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No matter where your business is in its journey, there’s a chance that you may need to take out a loan or find other sources of financing to help your business grow.

Understanding how to use credit and the types of credit available to businesses may help you be an informed borrower.

What’s credit?

“Credit” is another word for loan. When a business enters into an agreement to borrow money from another entity (the “lender”), the business is using credit.

In these agreements, the borrower promises to repay the lender over a specific period and those payments usually include a fee, called “interest.” The loan interest is calculated as a percentage of the amount borrowed, sometimes called the “principal.”

To get credit, borrowers need to demonstrate creditworthiness, or the ability to pay back the loan on time.

How could credit help your business?

One survey shows that 62% of small business owners use their personal funds to cover financial challenges.

There are many reasons why business owners apply for credit, but the most important reason is that a business loan frees you from having to dip into your personal funds to support company expenses.

What should you consider when exploring different credit options?

  • What am I using the credit for? Knowing how you will use your funds may guide which type of credit you ultimately select. For example, there are loans that are designed specifically to purchase assets such as equipment and real estate.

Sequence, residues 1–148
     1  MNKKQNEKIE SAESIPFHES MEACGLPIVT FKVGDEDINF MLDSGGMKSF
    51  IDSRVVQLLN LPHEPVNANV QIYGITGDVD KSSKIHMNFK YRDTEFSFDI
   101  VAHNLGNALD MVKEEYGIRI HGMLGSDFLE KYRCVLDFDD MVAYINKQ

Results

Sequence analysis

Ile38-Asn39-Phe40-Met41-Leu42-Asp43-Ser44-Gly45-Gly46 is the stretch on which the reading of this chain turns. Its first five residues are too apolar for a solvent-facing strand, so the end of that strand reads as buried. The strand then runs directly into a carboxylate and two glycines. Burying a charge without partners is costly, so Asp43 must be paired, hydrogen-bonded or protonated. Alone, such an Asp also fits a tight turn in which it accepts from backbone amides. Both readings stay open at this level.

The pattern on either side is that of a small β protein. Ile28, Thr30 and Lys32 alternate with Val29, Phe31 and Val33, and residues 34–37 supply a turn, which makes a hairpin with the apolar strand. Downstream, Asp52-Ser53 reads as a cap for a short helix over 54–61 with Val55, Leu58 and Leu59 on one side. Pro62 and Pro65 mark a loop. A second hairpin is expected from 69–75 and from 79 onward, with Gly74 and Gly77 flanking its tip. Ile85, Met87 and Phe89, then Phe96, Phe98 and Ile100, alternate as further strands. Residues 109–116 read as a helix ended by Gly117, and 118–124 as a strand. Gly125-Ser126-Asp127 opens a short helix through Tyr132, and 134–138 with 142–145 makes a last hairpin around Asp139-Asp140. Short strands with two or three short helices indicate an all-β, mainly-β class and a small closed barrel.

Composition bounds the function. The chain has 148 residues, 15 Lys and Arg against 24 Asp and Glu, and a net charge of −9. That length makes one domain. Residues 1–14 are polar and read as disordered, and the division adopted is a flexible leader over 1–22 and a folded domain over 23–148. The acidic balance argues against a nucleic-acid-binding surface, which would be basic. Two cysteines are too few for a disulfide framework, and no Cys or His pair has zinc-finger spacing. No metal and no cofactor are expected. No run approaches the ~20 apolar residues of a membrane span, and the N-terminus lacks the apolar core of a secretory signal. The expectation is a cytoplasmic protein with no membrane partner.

• How much money do I need? Depending on your situation, lenders may allow you to borrow more money than you need. It’s important to determine exactly how much you need to borrow before applying for a loan to avoid over-borrowing, and thus, overpaying in interest.
  • What are the terms of the agreement? Taking out a loan or using credit is a big step, and it is important that you feel comfortable with the repayment plan before you commit to any agreement. Be sure to do the math before signing an agreement so that your repayment plan is manageable.
  • Do I expect that I will be able to repay the amount of credit I use (plus interest)? When considering this, consider whether your business is new or already well-established. This may be a helpful consideration when deciding the amount you feel comfortable borrowing, as well as the rate at which you will be able to repay the loan.

What are your credit options if you want short-term financing?

If you have small- to medium-size funding needs, you may want to consider a business credit card or line of credit.

Business credit cards: A business credit card operates just like a personal credit card, but often has a higher limit.

Uses

  • Smaller purchases like office supplies
  • Online purchases

Benefits

  • Can designate multiple authorized users
  • Helps build business credit if managed responsibly
  • May have lower eligibility requirements than other forms of credit

Drawbacks

  • Interest rates and annual fees could be high
  • Personnel could misuse
  • Late payments may affect business and personal credit

Lines of credit: Lines of credit work very much like a credit card with an approved maximum limit and interest charged only on the amount borrowed, but instead of a card, funds are transferred to the borrower’s banking account when needed.

Uses

  • Even out cash flow
  • Acquire inventory
  • Take advantage of trade discounts

Benefits

  • Revolving credit*
  • Gives you cash to work with

Drawbacks

  • Usually requires borrowers to have good credit and cash flow
  • May require collateral

*Revolving credit means that funds are renewed once the original amount is paid off.